Below is the text of the speech made by Keith Simpson, the Conservative MP for Broadland, in Westminster Hall on 10 May 2016.
I beg to move,
That this House has considered the work of the Commonwealth War Graves Commission.
It is a pleasure to serve under your chairmanship, Mr Streeter, and to see the Under-Secretary of State for Culture, Media and Sport, my right hon. Friend the Member for Bexleyheath and Crayford (Mr Evennett) in his place, replacing my hon. Friend the Member for Chatham and Aylesford (Tracey Crouch), who is away on maternity leave.
The aim of this short debate is to draw to the attention of colleagues and the public the work of the Commonwealth War Graves Commission. Apart from the maintenance of war cemeteries and memorials of two world wars, the commission is crucial to all the commemorative ceremonies for the first world war. I should declare an interest at the outset: I am one of two parliamentary commissioners represented on the commission. The other is the hon. Member for North Durham (Mr Jones), who is in the Chamber and hopes to catch your eye, Mr Streeter.
In many respects, we are enclosed by history. Today, for example, at this very moment 76 years ago, the Labour party, meeting in conference, was deciding whether or not to support Winston Churchill as the leader of a coalition Government. One can imagine the atmosphere among parliamentary colleagues on 10 May 1940, with Nazi armies invading the low countries and France. We are here to look at another anniversary. Almost 99 years ago, on 21 May 1917, the Imperial War Graves Commission, as it was called then, received its royal charter, which established its remit and gave it sole responsibility for graves and memorials to the then dead of the imperial British forces in the first world war.
Nothing was preordained about the establishment of what became the Commonwealth War Graves Commission. Its creation was largely the work of a formidable, motivated man called Fabian Ware—a man who had been working with Lord Milner in South Africa, who was an intellectual, who became editor of The Morning Post and who had a wide range of friends and contacts in the British establishment. In 1914, too old to serve, Ware commanded an ambulance unit in France and became aware of the sheer numbers of casualties, on a scale that Britain had never faced before. The British armed forces lost approximately 3,500 men at the battle of Waterloo —one of our biggest losses. We had suffered about 80,000 casualties by Christmas 1914.
Ware was concerned about what was going to happen to the dead, and he persuaded the general headquarters of the British armed forces in 1915 to establish the Graves Registration Commission, which he was to run. He made certain that the dead were buried or commemorated as near as possible to the battlefields where they fell and, most significantly, not repatriated. There was enormous pressure, particularly from the parents or families of reasonably wealthy people, to bring—where they could be found—the bodies of their sons, husbands or cousins back home. That was going to be impossible on such a scale. He was only too aware that many of the dead, when they could be found, had no means of identity whatsoever.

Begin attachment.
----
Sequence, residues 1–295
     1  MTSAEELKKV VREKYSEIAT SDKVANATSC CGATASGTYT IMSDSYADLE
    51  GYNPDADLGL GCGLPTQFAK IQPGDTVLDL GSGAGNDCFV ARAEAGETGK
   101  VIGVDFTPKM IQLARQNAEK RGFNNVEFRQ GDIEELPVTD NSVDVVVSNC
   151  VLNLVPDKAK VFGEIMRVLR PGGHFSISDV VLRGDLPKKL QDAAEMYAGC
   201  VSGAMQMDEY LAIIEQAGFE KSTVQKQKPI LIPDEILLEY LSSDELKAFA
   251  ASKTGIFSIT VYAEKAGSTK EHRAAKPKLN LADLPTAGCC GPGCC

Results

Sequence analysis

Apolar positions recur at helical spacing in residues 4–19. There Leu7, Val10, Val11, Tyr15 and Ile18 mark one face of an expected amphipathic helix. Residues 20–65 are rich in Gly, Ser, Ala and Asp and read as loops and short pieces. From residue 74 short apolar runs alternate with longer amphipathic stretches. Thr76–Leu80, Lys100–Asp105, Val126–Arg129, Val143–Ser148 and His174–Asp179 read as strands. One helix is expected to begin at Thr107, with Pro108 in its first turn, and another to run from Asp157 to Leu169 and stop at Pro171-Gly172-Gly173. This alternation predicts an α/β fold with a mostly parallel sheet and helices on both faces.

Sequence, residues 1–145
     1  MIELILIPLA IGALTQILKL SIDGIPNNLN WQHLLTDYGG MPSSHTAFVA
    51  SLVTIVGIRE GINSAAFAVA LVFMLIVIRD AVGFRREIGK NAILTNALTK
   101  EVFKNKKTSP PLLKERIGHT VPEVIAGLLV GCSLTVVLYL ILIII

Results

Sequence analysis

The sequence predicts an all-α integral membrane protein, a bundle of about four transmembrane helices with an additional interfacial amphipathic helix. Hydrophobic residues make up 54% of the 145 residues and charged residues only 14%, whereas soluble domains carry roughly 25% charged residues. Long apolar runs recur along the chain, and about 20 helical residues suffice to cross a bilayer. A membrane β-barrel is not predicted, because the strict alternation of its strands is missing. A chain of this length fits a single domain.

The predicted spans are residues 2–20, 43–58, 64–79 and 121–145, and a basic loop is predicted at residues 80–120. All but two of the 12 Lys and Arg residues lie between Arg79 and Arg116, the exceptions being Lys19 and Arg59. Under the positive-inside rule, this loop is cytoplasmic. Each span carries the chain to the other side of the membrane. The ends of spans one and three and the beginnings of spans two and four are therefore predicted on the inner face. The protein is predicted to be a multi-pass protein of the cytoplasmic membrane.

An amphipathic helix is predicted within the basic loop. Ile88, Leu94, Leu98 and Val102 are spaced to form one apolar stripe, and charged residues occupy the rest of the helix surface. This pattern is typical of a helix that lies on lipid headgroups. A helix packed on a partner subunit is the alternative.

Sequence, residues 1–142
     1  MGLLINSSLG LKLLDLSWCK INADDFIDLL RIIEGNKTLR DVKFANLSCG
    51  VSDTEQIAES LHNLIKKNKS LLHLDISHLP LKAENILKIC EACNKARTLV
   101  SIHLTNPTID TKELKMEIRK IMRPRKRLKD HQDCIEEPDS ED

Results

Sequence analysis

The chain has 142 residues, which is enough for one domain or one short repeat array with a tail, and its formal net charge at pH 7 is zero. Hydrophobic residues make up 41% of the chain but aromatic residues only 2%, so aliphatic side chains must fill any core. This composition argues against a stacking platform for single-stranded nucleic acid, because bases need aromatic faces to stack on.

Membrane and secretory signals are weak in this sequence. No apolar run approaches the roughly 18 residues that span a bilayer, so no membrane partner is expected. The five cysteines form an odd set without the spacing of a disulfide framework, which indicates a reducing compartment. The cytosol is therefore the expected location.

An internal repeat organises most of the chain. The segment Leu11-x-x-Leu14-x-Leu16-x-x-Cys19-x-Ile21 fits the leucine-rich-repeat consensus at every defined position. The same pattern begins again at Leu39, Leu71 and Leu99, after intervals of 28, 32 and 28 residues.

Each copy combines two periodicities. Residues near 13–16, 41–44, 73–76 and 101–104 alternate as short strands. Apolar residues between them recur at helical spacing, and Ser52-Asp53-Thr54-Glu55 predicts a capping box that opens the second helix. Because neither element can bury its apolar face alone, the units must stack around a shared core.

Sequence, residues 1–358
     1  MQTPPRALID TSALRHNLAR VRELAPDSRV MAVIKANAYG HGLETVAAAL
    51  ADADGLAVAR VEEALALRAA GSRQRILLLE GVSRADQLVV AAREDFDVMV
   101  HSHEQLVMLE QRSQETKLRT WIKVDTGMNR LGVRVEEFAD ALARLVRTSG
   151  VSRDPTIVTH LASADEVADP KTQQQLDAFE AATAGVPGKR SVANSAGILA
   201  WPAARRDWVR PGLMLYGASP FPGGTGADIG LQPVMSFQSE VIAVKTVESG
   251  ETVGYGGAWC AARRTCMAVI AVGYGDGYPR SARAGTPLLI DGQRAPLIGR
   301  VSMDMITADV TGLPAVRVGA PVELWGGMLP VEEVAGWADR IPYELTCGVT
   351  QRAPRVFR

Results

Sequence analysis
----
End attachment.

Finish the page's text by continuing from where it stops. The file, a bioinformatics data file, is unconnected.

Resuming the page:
During the course of the first world war, and in the establishment of the royal charter, Ware negotiated with allied and enemy countries for land where the dead were to be buried. Most significantly of all, he established that there was going to be no distinction by rank. Crudely speaking, pre-Victorian army officers got individual burials; other ranks were dumped in a great big pit. The only distinction was going to be by religion—Christian, Jewish or Islamic. That would be marked on the headstone. Of course, those of the Islamic faith would have their own cemeteries carefully laid out.
There was a lot of opposition to that, mainly from the families, and there were heated debates here in Parliament at the end of the first world war. Ware outmanoeuvred them all. In the establishment of what we all know now as the cemeteries and memorials that are so distinguishable for the British and Commonwealth experience, he used a whole series of distinguished experts: Edward Lutyens; Herbert Baker; Reginald Blomfield; Rudyard Kipling, who had lost a son, Jack, and was deeply traumatised, and who established much of the terminology of the commemoration; and Gertrude Jekyll, who advised on the landscaping and the gardens.
The final thing I will say about Ware is that he placed a great deal of emphasis on the fact that it was the Imperial—we would now say Commonwealth—War Graves Commission. It was not just about the British; it was about the Australians, the New Zealanders, the Canadians, the South Africans and, above all, the Indians, who made the biggest commitment to our cause in two world wars. I am part of the commission, and our work today is supported by member Governments of Australia, Canada, India, New Zealand, South Africa and, above all, the United Kingdom. Each of those countries contributes a sum in proportion to the number of graves it has. The United Kingdom contributes 78%, which comes from the budget of the Ministry of Defence. The annual budget is approximately £70 million, which works out at roughly £40 per commemoration per annum.